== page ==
Call us dumpling elitists, but we will always go for the classic leek and pork dumplings ($33 for five and $53 for ten), though the watercress and beef dumplings ($33 for five and $53 for ten) is also a good—albeit lesser-seen—option. Pro tip: Get a bowl of minced fresh garlic for a mere $3 that you mix into your vinegar dipping sauce for that extra oomph.
北方餃子源, G/F, 259 Queen’s Road East, Wan Chai | (+852) 2838 8486
Landale Street is always packed during lunch hours, and for good reason: half the shop fronts are F&B outlets. It was hard picking one out of the various options, but Wing’s Catering just pips the other local restaurants to the spot, simply because of how good their chicken chops are. Their famous chicken chops are peppery, slightly crunchy on the outside but not dry on the inside, and are not deep-fried (so you can comfort yourself that this is a healthy-ish lunch).
Their grilled chicken and pork neck with rice ($64) comes highly recommended, though if you’re just here for the chicken as the star of the show, then order the grilled chicken with rice ($61) as it comes with two portions of chicken. Those itching to go to Taiwan can satisfy their food cravings with the salted-fried chicken rice with minced pork sauce ($60), as both are well-loved Taiwanese dishes.
Wing’s Catering, Shop 7, G/F, Rialto Building, 2 Landale Street, Wan Chai | (+852) 2823 8388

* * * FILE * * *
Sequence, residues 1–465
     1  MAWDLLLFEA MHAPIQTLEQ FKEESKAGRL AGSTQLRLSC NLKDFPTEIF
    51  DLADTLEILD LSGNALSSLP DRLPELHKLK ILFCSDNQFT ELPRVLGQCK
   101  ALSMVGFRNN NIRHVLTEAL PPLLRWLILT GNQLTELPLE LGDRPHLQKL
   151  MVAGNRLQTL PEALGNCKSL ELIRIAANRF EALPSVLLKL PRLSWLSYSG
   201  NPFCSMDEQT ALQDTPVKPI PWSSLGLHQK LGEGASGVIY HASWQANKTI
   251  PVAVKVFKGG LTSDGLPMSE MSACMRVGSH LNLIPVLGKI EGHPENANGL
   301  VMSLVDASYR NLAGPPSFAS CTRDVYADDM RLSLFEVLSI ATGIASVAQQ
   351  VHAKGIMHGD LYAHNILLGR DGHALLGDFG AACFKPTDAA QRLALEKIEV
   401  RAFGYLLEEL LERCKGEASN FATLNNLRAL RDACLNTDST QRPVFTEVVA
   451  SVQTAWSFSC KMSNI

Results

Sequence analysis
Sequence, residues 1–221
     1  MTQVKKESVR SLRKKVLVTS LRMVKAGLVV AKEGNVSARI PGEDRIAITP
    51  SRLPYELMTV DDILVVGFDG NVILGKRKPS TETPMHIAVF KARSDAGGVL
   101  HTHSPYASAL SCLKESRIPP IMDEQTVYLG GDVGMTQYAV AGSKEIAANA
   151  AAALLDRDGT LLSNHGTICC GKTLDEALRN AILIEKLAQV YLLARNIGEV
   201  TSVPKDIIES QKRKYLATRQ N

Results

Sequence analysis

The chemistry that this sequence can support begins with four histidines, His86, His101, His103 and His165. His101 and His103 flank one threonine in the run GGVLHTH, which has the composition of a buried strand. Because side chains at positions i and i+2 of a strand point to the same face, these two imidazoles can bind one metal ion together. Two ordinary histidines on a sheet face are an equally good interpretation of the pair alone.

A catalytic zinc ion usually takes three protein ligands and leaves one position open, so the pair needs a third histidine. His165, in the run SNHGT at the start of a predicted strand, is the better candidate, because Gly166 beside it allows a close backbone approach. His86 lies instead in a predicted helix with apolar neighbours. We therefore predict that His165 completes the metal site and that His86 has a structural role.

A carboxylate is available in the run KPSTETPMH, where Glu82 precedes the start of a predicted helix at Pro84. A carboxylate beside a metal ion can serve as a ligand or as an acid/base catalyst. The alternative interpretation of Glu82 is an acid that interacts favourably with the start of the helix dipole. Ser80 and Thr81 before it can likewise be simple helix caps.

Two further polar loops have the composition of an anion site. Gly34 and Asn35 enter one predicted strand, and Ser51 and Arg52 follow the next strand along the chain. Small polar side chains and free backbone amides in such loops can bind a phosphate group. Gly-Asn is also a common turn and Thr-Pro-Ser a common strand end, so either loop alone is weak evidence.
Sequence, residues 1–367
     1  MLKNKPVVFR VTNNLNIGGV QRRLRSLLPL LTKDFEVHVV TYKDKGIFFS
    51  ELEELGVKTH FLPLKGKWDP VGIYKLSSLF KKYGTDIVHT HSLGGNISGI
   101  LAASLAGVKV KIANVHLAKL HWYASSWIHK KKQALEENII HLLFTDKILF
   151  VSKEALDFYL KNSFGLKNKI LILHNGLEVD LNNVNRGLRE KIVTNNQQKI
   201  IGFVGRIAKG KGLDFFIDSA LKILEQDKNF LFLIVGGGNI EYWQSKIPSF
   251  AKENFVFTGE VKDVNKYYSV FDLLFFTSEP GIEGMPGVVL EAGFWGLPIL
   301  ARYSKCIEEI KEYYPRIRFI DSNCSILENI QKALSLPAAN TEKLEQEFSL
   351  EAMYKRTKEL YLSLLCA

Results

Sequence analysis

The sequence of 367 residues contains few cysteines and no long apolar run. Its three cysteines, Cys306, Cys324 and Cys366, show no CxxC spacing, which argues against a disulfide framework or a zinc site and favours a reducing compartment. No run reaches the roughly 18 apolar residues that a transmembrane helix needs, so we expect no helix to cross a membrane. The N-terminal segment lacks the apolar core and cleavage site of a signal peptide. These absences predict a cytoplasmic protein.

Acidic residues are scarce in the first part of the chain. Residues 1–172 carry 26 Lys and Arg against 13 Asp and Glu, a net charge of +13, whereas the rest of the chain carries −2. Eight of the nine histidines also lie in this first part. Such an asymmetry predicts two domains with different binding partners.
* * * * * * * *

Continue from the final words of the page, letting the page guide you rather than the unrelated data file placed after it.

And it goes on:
If you’re craving sushi for lunch, head over to Chotto Maki for something hearty, delicious, and wallet-friendly. Sushi rolls are the speciality, and patrons are spoilt for choice with 12 different fillings. Signature recipes include the Beef-iyaki ($75) of teriyaki beef rolled together with cucumber, tofu skin, and avocado, and the Sea Monster ($75), which is tempura prawn rolled with shredded crabstick, cucumber, and sakura shrimps. If these rolls are not enough to satisfy your hunger, add on an extra mini udon for $25 or five pieces of chicken karaage for $38 to complete your meal.
Chotto Maki, G/F, 33 Amoy Street, Wan Chai
Get away from the hustle and bustle of Wan Chai and lounge back at Red Pocket Café for a chill lunch. Its relaxed interiors are complemented with ample greenery scattered around the shop—a welcoming change to cold office environments. Patrons can enjoy its lunch set options which include a wide variety of cuisines, including Angus beef burger with sweet potato fries priced at $96, kimchi katsudon at $75, and Hungarian beef stew at $73. You will feel refreshed and ready for the rest of your day after dining here.
Red Pocket Café, Shop F, G/F, Kam Sing Mansion, 151–161 Jaffe Road, Wan Chai
In the mood for some Korean food? Kelly’s Cape Bop is your best choice. Every food item in the shop goes for $100—a little on the high end, but you will definitely feel full and satisfied after your meal. The kimbop (Korean sushi) has a choice of seven different fillings, including beef, spicy squid, and chicken salad without rice. If rice rolls are not appealing, Kelly’s also offers bibimbap with kimchi pork, vegetables, or marinated beef, tteokbokki, egg rolls, seaweed dumplings, and Korean pancakes.
Kelly’s Cape Bop, G/F, 57 Johnston Road, Wan Chai
Nothing beats Thai food when you need a pick-me-up to get you through your workday. Kin Kao offers a diverse range of curries, rice, and noodles on the à la carte menu, while its set lunch ($80) offers a choice of six mains plus a choice of drinks between longan juice, iced lemon tea, and iced milk tea. Our favourite recipes include the boat noodle with pork ball and sliced pork ($80) and khao soi (curry soup with egg noodle and stewed chicken, $80), while its Thai-style Hainanese chicken rice ($80) is another crowd-pleaser.
Kin Kao, G/F, Tai Wong Building, 3 Tai Wong Street East, Wan Chai